Japanese bronze turtle naturalistically modelled with finely carved details, the eyes inlaid in shakudo and rich brown patination signed in an oval reserve Ryūki 龍起, Meiji period 1868-1912.
The turtle (kame 亀) is symbolic of longevity and good luck.
The artist Nogami Ryūki 野上龍起 (1865-1932) was a graduate from the Tokyo School of Fine Art and exhibited several bronze works of turtles at the 1900 Paris Great Exhibition. He studied bronze casting under one of the most notable metal craftsmen of the Meiji era, Oshima Joun 大島如雲 (1858-1940), who was a professor at the Tokyo School of Fine Art.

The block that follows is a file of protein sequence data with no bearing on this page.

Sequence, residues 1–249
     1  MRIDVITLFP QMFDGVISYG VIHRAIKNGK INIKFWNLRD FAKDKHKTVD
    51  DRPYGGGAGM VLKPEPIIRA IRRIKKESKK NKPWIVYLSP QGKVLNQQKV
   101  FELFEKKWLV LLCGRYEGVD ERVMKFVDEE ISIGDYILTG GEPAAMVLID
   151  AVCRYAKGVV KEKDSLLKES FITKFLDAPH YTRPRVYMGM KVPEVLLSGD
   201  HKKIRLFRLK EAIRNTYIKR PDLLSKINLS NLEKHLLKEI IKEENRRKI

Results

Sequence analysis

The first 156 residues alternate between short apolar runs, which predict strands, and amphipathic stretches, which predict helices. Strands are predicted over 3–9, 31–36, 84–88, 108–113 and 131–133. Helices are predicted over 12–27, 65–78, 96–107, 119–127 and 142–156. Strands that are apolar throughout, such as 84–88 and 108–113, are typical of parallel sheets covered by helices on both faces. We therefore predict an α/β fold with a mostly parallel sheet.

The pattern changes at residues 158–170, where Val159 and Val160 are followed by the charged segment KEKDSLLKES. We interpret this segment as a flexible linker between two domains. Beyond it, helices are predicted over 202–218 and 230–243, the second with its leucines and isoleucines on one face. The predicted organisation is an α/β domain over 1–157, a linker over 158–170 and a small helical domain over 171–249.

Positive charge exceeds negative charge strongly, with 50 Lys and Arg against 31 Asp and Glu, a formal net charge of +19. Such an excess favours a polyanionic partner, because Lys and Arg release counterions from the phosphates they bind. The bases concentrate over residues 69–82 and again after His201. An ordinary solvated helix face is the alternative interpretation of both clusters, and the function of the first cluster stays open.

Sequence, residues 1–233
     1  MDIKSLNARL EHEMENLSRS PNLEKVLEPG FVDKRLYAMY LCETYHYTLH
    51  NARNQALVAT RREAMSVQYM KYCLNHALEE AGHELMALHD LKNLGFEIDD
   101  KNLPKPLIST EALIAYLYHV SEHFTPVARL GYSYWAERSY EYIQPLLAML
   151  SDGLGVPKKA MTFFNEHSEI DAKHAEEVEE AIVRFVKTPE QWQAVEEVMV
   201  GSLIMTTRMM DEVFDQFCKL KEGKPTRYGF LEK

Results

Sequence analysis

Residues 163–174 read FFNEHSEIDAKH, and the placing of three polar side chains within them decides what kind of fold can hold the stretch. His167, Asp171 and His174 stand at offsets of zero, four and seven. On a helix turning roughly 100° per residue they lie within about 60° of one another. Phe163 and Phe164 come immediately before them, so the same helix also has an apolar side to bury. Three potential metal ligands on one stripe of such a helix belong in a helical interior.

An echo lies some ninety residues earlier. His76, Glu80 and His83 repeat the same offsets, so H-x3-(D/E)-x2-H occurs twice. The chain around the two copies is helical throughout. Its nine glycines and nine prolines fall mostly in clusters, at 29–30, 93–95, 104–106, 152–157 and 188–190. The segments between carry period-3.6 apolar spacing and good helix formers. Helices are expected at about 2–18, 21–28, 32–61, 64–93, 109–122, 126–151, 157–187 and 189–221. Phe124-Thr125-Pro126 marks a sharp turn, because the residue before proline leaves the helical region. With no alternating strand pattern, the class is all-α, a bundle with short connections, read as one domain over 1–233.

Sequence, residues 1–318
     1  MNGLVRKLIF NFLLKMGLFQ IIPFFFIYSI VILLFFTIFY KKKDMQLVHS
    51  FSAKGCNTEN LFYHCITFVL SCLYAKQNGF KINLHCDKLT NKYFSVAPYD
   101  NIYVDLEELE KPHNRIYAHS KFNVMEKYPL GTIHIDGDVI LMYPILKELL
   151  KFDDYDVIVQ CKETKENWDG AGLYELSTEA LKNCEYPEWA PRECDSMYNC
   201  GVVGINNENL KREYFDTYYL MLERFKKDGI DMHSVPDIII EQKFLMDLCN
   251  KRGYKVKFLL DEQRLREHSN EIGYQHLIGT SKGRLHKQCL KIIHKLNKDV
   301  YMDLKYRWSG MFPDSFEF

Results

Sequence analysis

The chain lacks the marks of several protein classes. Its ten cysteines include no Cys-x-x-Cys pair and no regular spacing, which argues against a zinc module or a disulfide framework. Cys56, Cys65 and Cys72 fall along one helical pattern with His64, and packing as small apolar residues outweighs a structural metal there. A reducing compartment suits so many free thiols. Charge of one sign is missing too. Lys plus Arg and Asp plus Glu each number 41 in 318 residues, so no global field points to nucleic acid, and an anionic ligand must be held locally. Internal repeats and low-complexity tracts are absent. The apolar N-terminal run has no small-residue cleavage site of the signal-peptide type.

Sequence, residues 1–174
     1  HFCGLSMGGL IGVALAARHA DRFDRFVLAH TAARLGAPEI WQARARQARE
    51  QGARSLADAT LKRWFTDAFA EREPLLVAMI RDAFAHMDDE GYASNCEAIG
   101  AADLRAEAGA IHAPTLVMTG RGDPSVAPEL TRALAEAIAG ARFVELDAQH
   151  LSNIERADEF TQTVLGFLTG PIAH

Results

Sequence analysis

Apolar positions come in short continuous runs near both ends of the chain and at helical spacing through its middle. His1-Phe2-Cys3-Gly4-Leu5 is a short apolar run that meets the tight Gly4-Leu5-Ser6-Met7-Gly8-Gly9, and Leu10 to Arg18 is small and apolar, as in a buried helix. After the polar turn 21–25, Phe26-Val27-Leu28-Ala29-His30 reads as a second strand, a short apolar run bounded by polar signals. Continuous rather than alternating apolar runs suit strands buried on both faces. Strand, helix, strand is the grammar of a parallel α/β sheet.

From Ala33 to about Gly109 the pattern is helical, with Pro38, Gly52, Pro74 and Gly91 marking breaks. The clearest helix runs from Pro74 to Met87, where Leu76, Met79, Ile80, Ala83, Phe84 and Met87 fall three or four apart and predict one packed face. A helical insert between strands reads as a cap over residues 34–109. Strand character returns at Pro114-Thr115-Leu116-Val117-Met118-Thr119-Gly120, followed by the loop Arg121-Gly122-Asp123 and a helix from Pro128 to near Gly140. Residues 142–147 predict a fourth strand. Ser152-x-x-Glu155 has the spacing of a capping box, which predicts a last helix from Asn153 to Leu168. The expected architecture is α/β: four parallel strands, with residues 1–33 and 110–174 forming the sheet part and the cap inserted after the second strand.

He worked for the Imperial Household Agency and was mentioned in a 1910 article on metalwork, entitled Japanese Art and Artists of Today. The bronze statue of Kusunoki Masashige near the Imperial Palace and the bronze statue of Saigo Takamori at Ueno Park, both in Tokyo, were also made by Nogami Ryūki.
Reference: 'The Golden Age of Japanese Okimono, the Dr. Kanter Collection' by Laura Bordignon, ACC Woodbridge 2010, Metalwork no. 242.
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